In early June, livestock herders from two neighboring districts in Kyrgyzstan’s Naryn oblast, or administrative region, clashed over disagreements regarding pasture access.
Grazing disputes are not new, however, for herders in Kyrgyzstan, where glaciers in the Tien Shan mountains supply water for the herds which graze on the lush meadows of the country’s highlands. Pastoralism is a long-held tradition in this Central Asian country, but it is becoming increasingly complicated by economic, environmental, and governance issues.
Herders from Kochkor, a district in northern-central Kyrgyzstan, had been granted official rights to access pastures in neighboring Naryn district until 2020. In November of last year, the government extended these rights to 2030 without input from local villagers, which heightened tensions between herders from the two districts. In June, when Kochkor herders moved with their animals up to these summer pastures, overt conflict broke out.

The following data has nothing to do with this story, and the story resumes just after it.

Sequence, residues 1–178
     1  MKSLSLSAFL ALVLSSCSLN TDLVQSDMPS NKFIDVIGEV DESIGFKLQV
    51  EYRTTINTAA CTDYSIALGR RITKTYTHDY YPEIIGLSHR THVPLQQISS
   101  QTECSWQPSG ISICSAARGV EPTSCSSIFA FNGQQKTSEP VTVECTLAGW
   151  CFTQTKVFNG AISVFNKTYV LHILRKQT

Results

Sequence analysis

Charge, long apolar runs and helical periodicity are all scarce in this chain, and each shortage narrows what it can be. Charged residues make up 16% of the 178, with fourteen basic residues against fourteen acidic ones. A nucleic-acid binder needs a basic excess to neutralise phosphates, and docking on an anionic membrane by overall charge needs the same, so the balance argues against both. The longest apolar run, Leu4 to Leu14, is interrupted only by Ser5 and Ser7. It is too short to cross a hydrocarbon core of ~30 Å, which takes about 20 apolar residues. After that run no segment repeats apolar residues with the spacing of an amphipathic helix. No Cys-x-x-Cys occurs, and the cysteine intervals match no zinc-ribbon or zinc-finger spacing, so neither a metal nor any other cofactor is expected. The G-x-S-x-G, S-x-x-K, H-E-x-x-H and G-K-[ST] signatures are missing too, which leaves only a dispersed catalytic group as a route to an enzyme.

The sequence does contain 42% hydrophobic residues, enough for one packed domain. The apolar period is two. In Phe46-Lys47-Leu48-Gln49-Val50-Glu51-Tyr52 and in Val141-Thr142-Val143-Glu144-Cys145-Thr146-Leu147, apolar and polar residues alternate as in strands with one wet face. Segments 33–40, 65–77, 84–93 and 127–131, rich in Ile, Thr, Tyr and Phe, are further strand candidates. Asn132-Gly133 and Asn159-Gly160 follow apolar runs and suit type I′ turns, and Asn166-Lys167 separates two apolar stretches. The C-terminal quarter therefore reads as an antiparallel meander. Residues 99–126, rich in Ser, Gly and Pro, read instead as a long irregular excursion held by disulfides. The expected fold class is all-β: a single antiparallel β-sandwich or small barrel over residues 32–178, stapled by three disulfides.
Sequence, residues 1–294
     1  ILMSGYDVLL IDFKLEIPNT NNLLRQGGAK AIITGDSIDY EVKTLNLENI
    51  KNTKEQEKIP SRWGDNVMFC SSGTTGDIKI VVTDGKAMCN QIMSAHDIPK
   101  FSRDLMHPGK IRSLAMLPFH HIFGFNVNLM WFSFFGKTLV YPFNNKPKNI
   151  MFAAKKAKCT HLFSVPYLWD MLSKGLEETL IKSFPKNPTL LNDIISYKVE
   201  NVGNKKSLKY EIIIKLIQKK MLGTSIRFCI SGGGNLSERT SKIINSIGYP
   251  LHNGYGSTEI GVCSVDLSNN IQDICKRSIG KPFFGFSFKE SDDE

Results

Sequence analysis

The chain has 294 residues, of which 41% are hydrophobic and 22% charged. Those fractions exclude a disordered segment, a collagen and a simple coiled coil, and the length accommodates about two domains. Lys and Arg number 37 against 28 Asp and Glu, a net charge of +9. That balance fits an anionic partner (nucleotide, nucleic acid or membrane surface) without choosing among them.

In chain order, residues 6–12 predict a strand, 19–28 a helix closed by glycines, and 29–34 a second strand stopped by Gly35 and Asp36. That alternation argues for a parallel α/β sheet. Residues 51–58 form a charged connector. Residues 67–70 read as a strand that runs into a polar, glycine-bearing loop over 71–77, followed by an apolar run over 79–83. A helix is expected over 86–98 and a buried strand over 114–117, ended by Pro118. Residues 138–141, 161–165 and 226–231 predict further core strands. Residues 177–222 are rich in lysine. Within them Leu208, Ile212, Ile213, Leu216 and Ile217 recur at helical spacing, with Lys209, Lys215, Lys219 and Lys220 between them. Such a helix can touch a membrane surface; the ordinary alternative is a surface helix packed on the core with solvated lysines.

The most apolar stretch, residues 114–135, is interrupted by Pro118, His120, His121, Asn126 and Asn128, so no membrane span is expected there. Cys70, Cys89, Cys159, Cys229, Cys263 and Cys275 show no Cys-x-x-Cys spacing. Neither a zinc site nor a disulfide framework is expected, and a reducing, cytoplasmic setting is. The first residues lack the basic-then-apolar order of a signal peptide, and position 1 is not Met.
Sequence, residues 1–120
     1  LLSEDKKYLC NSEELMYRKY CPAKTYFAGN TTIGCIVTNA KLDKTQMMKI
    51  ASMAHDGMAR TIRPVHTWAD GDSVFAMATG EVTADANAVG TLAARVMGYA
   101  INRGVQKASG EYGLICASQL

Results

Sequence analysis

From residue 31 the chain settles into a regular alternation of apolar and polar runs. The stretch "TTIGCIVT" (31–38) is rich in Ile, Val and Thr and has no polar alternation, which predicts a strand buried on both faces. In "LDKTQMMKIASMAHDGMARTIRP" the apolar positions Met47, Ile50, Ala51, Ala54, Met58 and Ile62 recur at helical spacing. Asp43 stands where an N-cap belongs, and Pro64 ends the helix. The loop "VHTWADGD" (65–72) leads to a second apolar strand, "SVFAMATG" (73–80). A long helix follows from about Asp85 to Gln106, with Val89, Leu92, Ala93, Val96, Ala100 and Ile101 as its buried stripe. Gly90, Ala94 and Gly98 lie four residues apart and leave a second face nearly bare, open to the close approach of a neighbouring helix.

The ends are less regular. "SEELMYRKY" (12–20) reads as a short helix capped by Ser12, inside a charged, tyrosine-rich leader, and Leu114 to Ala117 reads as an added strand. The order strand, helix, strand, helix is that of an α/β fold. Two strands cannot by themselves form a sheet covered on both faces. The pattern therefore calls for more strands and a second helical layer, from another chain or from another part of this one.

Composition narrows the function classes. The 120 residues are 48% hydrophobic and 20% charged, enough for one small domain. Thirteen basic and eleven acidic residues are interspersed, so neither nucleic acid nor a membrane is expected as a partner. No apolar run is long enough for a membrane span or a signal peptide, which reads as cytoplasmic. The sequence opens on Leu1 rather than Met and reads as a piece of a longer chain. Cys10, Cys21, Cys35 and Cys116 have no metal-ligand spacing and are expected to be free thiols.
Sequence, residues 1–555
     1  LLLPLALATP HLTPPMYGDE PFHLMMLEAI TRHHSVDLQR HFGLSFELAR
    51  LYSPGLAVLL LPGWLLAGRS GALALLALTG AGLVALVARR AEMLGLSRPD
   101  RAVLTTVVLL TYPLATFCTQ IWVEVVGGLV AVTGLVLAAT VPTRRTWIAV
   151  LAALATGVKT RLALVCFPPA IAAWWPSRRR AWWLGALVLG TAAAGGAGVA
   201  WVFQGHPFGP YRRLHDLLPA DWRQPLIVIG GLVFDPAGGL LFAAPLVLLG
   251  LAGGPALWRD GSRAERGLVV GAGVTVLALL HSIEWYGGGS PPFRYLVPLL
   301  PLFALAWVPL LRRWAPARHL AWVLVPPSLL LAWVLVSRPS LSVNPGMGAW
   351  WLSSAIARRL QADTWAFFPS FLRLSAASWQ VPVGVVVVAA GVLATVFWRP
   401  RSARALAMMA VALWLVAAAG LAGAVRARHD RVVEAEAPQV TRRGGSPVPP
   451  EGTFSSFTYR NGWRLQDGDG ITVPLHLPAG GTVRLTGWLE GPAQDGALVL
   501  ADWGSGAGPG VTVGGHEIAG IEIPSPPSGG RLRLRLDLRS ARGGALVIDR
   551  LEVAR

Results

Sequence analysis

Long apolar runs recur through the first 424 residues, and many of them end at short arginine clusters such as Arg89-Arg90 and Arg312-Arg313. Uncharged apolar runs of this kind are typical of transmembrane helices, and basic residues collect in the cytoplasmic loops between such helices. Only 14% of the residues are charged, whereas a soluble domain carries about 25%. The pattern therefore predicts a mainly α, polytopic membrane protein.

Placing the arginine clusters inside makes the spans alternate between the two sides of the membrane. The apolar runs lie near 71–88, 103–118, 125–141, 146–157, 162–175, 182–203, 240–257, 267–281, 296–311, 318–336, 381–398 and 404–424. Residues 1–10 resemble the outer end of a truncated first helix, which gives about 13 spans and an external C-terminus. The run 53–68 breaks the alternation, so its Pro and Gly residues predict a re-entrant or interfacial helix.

Local residents blocked roads to prevent the Kochkor herders from accessing the pastures the government had granted them rights to use for another decade. Further complicating matters, Kockhor herders also attempted to move their herds into a nearby pasture that was already occupied by herders from a third village.
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